After Cantwell Speech, Senate Votes to Confirm Ex-Im Bank Chairman
Key trade agency supports 83,000 jobs in Washington state; would have ceased lending by Sunday if nominee wasn’t confirmed
WASHINGTON, D.C. – Today, the Senate confirmed Fred P. Hochberg as Chairman of the Export-Import Bank by a vote of 82-17 after U.S. Senator Maria Cantwell (D-WA) spoke on the floor in support of his confirmation. Cantwell cited business across Washington state – from Manhasset music stand company in Yakima to SCAFCO grain silo manufacturers in Spokane – which have benefitted from Export-Import financing.
Watch a video of Senator Cantwell’s floor speech here.
Hochberg is currently the Bank’s chair and his first term will expire on July 20. Without today’s approval, the Ex-Im Bank would not have had the necessary quorum to approve new transactions and would have effectively shut down. During her speech Cantwell highlighted how the Ex-Im Bank supports 83,000 jobs in Washington state and supported more than 255,000 jobs in the United States in 2012. Cantwell detailed how businesses need the bank to continue to create jobs and opportunities.
Excerpts from Senator Cantwell’s remarks:
- “We’re here today to talk about a critical vote to support 255,000 jobs that are part of our export economy. If we fail to confirm Fred Hochberg for a second term as Chairman of the Export-Import Bank, businesses across the United States will lose a key tool in job creation.”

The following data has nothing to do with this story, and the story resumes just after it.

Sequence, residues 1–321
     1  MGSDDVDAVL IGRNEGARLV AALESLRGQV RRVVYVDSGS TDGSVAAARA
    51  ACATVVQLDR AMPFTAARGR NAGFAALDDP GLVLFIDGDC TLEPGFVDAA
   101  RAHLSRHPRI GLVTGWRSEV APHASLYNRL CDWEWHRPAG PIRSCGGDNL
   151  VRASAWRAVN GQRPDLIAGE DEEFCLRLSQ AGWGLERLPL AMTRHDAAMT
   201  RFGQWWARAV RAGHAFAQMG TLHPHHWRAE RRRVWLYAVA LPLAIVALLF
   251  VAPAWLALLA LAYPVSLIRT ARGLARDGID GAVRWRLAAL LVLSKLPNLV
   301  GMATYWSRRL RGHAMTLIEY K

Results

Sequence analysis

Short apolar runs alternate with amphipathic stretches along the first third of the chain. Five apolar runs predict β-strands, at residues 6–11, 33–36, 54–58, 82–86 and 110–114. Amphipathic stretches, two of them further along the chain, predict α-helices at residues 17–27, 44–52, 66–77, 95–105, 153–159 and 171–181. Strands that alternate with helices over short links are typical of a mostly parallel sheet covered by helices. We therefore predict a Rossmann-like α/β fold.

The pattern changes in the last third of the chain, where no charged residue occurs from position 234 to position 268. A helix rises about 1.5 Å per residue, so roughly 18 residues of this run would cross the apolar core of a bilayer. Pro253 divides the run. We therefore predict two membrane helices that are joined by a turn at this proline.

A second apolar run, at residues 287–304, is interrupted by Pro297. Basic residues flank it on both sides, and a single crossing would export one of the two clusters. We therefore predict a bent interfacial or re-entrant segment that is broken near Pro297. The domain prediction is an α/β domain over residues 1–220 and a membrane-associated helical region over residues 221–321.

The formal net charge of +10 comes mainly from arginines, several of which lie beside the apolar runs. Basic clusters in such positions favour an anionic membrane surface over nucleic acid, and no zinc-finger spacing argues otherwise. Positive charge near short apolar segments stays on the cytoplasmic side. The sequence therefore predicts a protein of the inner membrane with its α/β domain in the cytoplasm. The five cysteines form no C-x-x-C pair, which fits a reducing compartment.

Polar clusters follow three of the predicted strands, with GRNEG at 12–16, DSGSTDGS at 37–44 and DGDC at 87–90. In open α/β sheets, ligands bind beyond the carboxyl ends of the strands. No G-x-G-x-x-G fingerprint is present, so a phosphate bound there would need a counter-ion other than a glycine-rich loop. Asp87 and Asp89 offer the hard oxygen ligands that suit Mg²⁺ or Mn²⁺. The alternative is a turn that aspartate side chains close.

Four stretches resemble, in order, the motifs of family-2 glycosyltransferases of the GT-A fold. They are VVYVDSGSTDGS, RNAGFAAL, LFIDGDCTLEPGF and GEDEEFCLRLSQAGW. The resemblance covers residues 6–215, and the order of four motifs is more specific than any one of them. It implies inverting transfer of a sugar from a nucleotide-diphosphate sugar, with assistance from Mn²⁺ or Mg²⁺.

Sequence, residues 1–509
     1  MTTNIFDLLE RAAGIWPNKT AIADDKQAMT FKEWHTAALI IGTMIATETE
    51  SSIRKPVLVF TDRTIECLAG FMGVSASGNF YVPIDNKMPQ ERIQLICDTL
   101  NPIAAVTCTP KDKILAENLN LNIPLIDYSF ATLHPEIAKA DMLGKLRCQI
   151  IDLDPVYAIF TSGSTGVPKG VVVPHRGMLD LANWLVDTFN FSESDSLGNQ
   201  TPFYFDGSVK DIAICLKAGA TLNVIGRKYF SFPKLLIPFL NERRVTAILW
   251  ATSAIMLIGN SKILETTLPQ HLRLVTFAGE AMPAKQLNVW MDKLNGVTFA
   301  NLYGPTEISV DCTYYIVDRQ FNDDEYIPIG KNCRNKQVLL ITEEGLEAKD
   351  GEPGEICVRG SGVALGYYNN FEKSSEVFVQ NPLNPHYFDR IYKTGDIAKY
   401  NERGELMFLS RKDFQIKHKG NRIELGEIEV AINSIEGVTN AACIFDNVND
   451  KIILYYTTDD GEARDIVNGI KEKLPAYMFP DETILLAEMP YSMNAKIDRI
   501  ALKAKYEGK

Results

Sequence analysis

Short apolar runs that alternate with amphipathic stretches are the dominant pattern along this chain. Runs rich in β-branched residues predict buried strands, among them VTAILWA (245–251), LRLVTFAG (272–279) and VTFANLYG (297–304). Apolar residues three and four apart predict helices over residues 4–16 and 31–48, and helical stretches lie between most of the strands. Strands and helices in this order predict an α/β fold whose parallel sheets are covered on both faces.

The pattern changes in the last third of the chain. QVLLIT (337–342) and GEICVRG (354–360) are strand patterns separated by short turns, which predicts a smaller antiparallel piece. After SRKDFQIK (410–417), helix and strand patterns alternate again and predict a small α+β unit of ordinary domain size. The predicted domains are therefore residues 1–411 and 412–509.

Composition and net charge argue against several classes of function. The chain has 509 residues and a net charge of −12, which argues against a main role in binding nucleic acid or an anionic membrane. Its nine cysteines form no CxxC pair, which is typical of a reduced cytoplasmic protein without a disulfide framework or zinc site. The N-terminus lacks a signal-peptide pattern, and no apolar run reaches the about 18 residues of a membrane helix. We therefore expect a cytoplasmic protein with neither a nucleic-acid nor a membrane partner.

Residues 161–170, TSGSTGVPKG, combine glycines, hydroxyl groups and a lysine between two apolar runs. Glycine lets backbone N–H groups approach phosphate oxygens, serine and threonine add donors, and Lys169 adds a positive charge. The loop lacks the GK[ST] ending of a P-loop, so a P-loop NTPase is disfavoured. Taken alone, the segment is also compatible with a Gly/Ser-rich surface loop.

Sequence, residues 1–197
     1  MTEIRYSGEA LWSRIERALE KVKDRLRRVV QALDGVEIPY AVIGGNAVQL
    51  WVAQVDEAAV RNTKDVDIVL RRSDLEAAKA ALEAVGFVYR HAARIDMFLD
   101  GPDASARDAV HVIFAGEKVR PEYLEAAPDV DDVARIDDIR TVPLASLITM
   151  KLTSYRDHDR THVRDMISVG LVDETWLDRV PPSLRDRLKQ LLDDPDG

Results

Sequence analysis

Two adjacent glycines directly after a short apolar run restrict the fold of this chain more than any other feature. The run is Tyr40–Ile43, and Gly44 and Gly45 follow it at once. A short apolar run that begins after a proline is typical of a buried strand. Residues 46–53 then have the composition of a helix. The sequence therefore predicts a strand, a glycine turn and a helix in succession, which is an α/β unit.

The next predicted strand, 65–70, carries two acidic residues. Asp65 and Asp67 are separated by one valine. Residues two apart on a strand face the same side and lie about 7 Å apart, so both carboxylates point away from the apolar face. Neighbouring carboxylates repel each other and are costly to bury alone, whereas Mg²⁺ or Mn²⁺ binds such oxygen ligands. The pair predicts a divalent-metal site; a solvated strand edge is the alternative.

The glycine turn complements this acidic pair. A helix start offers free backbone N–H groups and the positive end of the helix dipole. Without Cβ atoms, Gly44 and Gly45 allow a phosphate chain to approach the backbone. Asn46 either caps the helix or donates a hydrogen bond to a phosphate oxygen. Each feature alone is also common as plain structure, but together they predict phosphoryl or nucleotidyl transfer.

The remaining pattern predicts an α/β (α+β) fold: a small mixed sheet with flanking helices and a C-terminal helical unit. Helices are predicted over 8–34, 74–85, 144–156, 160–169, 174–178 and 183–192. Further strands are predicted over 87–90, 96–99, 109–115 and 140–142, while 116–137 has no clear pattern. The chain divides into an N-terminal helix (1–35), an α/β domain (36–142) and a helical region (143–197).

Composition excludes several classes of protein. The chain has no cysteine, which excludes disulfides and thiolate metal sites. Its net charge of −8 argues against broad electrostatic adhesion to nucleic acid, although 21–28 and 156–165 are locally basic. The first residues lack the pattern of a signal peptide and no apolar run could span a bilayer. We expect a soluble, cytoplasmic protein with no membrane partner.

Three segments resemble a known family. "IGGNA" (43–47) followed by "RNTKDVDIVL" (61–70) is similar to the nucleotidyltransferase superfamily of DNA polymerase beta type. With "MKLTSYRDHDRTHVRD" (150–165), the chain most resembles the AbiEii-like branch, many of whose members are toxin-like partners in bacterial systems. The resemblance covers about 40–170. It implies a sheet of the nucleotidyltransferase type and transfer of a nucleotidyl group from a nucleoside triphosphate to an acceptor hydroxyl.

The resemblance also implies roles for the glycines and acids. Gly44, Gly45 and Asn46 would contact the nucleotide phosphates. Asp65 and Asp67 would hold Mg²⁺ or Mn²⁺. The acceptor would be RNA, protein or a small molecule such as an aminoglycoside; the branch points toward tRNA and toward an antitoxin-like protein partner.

- “If we don’t confirm Hochberg this week the bank cannot approve loans. And it would take away a job-creating tool that American innovators and businesses count on. And that’s why I’m calling on my colleagues in a bipartisan fashion to confirm Mr. Hochberg as the Export-Import Bank Chairman for a second term.”
- “The Export-Import Bank helps American-made products be shipped all around the world. I saw a company in Yakima, Washington, the Manhasset music stand company, which uses the bank to make sure sales go all around the globe, including China. I saw a grain silo manufacturer called SCAFCO in Spokane which also would testify to the fact that they have been able to sell their grain silos in many countries around the globe because of the financing the Export-Import Bank guarantees. Airline cockpit hardware made by a company – Esterline in Everett, Washington – also testified to the same effect.”